Clearing by Wendell Berry is a collection of poems, all between four and fourteen pages in length, that deal with stewardship of the earth in general and more specifically with the caring for a farm. Berry has been a farmer, poet, and novelist since the 1960s, and is revered by environmentalists. This book is one of his best.
Berry selected a very appropriate quote to highlight in the introductory pages:
What has been spoiled through man’s fault can be made good again through man’s work.
Like Walt Whitman in Leaves of Grass, Berry says that history and the future are present in the present moment. Berry refers specifically to the spring, when life arises out of the frozen ground; without the springs of the past there would be no present life, which is preparing for future life. The poet refers to his farm labor also, which follows the work of the sod busting farmers and which he will pass on to future generations. In his poem “History” he says:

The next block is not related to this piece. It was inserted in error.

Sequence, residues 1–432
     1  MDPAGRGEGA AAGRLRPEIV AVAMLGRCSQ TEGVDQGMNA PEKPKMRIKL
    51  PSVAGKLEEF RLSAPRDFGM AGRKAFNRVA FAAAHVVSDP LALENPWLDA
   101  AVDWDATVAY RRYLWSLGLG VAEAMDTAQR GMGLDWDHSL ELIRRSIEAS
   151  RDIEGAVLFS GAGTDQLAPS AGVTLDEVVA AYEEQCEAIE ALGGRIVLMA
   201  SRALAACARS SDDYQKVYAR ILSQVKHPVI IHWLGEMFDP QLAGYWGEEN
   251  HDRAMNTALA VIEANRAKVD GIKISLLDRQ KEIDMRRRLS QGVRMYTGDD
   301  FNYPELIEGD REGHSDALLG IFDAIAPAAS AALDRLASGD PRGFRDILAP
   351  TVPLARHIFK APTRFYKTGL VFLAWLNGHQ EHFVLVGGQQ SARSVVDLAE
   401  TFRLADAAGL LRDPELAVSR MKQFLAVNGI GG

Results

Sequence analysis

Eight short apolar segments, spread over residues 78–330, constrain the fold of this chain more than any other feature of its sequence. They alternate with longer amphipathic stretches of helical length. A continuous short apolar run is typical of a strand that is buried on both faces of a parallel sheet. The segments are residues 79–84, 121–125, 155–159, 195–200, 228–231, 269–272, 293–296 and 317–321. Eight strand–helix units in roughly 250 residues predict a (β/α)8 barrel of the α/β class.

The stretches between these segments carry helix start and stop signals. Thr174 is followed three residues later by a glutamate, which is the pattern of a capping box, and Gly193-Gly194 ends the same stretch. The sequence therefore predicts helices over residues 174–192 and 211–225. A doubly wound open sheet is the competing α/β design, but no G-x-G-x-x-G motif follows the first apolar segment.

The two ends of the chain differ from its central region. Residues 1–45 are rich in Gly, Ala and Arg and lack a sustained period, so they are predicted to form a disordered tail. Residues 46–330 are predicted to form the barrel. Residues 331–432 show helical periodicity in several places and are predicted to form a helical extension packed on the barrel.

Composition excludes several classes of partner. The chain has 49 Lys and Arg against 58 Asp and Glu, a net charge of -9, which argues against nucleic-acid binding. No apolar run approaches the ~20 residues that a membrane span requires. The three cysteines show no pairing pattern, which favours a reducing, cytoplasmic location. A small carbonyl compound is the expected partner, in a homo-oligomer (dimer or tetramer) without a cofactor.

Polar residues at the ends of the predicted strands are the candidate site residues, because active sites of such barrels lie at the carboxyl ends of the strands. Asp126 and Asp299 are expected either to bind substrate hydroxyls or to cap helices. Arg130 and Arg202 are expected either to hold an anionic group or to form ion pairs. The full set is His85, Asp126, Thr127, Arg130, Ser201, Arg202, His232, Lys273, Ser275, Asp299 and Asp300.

All the lives this place
has had, I have. I eat
my history day by day.
In the title poem “Clearing” he takes up the theme of restoration, a healing of the land after the bad practices of many poor farmers:
Vision reaches the ground
under the sumac and thorn
under the honeysuckle,
and begins its rise.
It sees clear pasture,
clover and grass, on the worn
hillside going back
to woods, good cropland
in the bottom gone to weeds.
Healing work is a calling, according to Berry, and no person can be truly happy who does not work for good. Work is to be enjoyed. It is to be a song and should bring people together.
We will write them a poem
to tell them of the great
fellowship, the mystic order,
to which both of us belong.
It would truly be a good earth if every person, urban and rural, loved their work and made of it a song in the manner of Wendell Berry. This older collection of poems should be retained and read.
Berry, Wendell. Clearing. New York: Harcourt Brace Jovanovich, 1977. ISBN 0151181500